Blockades and restrictions on humanitarian access were also used as a war tactic in some conflicts. In Burkina Faso, the Group for the Support of Islam and Muslims (GSIM) blockaded Mansila town, Yagha province, causing food insecurity among the population. In Mali, GSIM blockaded many villages and communities, restricting villagers’ free movement and access to farmland and water, to force them to cease collaboration with the army. Denial of, and restrictions to, humanitarian access by armed groups and vigilante groups or governments continued in Cameroon, DRC, Ethiopia and South Sudan. This contributed to leaving over 5 million people in Ethiopia, 19.6 million in DRC, and 8.3 million in South Sudan in dire need of humanitarian assistance according to UN estimates, particularly food and medicine.
In several countries, many people were killed in spates of inter-communal violence and political unrest. In Cameroon, people, healthcare facilities and schools in anglophone Northwest and Southwest regions were targeted by suspected armed separatists. These abuses happened in the context of growing inter-communal tensions. In Ethiopia, ethnic violence claimed at least 1,500 lives in Afar, Amhara, Benishangul-Gumuz, Oromia and Somali regions. In Nigeria, inter-communal violence between herders and farming communities, as well as attacks by bandits, resulted in more than 3,494 deaths. In South Africa, violence triggered by former president Jacob Zuma’s arrest resulted in at least 360 deaths.
In almost every country, perpetrators of crimes under international law, and other serious human rights violations and abuses, enjoyed impunity. In Burkina Faso, two members of armed group Ansaroul Islam were convicted on terrorism-related charges, but no significant progress was made in the investigation into the unlawful killing in 2019 of 50 people and the enforced disappearance of 66 others, allegedly by the armed group Koglweogo in Yirgou village, Sanmatenga province. In CAR, the Special Criminal Court announced that it had issued 25 arrest warrants, but none of them have been successfully implemented to date. While the government established a Commission of Inquiry to investigate violations committed by all parties since the beginning of the offensive by armed group Coalition of Patriots for Change (CPC), it did not make its report or next steps public.
In DRC, at least 80 army and police officers were prosecuted in North Kivu, South Kivu, Ituri, Tanganyika and Kasaï provinces for serious crimes including sexual violence. Former Congolese warlord Roger Lumbala was arrested by French authorities over war crimes and crimes against humanity. However, many other perpetrators of crimes under international law in DRC continued to enjoy impunity. In Mali, trials on terrorism charges took place but there were concerns about whether they met international fair trial standards. Meanwhile, there was little progress in the investigation of crimes under international law committed by armed groups and the military.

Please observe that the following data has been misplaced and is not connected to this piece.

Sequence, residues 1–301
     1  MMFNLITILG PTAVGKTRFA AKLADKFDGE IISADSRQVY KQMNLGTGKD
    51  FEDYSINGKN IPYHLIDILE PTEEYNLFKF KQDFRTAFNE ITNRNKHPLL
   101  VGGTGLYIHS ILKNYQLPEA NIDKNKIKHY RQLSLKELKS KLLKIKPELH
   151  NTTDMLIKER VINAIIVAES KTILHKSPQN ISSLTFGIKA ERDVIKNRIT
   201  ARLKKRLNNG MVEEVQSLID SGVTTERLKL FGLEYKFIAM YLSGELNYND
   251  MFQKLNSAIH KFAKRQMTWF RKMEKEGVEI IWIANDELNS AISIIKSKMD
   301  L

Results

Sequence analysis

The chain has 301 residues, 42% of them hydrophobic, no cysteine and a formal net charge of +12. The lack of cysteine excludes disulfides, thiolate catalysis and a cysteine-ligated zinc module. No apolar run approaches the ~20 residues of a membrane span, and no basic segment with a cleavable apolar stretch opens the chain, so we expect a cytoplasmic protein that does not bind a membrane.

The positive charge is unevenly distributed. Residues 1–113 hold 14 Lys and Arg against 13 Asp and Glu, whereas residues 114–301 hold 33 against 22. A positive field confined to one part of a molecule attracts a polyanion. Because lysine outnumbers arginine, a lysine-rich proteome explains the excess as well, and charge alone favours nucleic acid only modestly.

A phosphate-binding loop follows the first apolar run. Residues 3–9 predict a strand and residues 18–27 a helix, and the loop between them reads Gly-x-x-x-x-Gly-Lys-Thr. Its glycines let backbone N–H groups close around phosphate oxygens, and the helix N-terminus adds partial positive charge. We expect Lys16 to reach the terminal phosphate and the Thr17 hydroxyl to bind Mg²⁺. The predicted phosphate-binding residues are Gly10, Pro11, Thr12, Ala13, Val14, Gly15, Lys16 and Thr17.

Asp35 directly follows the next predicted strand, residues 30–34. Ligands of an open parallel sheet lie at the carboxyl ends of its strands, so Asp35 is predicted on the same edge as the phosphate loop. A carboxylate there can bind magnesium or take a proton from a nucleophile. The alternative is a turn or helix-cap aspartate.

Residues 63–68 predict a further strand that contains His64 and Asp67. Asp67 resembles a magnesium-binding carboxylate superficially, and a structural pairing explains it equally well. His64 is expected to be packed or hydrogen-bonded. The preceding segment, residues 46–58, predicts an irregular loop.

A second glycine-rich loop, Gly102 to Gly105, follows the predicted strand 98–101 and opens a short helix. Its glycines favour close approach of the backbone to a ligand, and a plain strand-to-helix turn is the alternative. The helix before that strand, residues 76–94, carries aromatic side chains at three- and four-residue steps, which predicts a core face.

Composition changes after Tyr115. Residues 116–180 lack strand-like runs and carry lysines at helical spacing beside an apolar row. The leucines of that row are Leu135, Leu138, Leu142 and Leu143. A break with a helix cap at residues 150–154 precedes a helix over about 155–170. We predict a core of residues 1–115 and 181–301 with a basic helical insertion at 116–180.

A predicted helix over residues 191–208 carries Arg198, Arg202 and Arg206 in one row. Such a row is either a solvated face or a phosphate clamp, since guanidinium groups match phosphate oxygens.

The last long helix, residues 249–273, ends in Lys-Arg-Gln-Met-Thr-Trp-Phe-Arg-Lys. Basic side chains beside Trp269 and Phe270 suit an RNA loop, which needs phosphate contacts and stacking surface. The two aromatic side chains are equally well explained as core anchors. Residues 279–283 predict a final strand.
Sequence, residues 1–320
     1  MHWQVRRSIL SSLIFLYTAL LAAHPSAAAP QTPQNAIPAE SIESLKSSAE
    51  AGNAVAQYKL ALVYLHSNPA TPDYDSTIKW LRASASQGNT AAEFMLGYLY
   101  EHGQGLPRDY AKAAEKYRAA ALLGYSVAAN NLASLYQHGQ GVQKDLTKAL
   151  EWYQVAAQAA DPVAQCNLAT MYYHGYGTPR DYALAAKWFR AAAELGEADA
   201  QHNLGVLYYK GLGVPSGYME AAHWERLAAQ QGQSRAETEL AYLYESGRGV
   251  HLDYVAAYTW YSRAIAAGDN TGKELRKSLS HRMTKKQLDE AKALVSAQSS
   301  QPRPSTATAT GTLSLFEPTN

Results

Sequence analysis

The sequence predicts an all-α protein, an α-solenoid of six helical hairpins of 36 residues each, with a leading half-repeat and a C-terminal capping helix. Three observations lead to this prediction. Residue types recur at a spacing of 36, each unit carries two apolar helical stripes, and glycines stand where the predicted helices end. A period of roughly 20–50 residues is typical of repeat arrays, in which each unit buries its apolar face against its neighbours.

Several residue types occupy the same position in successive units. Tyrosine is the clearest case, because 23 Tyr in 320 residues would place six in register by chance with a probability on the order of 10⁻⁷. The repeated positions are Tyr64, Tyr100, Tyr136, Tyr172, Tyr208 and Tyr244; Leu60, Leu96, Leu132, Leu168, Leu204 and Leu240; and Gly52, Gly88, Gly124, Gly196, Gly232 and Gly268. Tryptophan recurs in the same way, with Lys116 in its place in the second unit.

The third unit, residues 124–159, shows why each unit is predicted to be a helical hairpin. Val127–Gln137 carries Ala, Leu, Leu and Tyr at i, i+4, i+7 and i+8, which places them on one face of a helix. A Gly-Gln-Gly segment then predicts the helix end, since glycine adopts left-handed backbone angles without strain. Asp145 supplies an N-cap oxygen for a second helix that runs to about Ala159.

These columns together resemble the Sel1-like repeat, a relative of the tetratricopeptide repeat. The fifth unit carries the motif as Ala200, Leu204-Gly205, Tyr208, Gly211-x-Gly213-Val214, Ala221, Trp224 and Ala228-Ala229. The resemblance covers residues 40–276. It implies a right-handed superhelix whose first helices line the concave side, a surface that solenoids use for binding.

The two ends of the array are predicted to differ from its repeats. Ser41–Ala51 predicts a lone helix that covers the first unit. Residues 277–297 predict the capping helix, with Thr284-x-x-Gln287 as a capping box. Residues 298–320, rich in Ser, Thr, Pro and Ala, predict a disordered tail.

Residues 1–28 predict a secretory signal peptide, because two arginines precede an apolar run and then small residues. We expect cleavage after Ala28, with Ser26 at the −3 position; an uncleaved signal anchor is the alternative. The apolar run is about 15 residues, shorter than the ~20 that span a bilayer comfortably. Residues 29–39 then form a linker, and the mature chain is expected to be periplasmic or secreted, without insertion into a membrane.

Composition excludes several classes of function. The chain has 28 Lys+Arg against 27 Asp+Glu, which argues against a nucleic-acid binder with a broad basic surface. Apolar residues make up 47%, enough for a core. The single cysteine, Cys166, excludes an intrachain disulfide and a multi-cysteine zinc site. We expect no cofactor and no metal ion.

In Rwanda, Jean-Claude Iyamuremye, accused of being a leader of the Interahamwe militia in Kicukiro commune during the 1994 genocide, was convicted of genocide and sentenced to 25 years in prison. Two genocide suspects were extradited from the USA to Rwanda to stand trial while another suspect was extradited from the Netherlands. In South Sudan, the government seemingly prioritized truth over trials, continuing to delay and block the establishment of the Hybrid Court for South Sudan. In Sudan, the year ended without anyone being held accountable for the killing of at least 100 protesters on 3 June 2019. Authorities also continued to fail in their obligation to transfer Omar al Bashir and two other suspects to the ICC to answer charges of crimes against humanity, genocide and war crimes in Darfur.
Economic, social and cultural rights
Right to health
The Covid-19 pandemic continued to tear through Africa with a devastating impact on human rights. Nearly 9 million cases and more than 220,000 deaths were recorded during the year. South Africa remained the epicentre of the pandemic, in terms of reported cases and deaths. Governments’ efforts to stem the tide of Covid-19 were hindered by inequality in the global distribution of the vaccine, created by pharmaceutical companies and wealthy nations. Pharmaceutical companies prioritized delivering vaccines to high-income countries, who in turn stockpiled more doses than they could use. Rich countries also blocked attempts to increase supplies to low and middle-income countries by supporting the temporary waiver of intellectual property rights and increased sharing of technology and know-how.
Covid-19 vaccines were mainly supplied to African countries through the COVAX facility, the Africa Vaccine Acquisition Trust and bilateral donations. Too often, supplies were insufficient, or their arrival times unpredictable, making it hard for governments to build trust among their populations and structure effective roll out campaigns. In countries like DRC, Malawi and South Sudan vaccine deliveries arrived with short expiry dates forcing authorities to destroy supplies or return the bulk for reallocation to other countries. Supply problems made it more difficult to ensure vaccines reached vulnerable groups, including older people and those with chronic conditions. Internal factors impeding effective vaccination programmes in Africa included inequality, vaccine hesitancy and national insecurity. Less than 8% of Africa’s 1.2 billion people were fully vaccinated at the year’s end, the lowest rate in the world and a far cry from the WHO’s 40% vaccination target.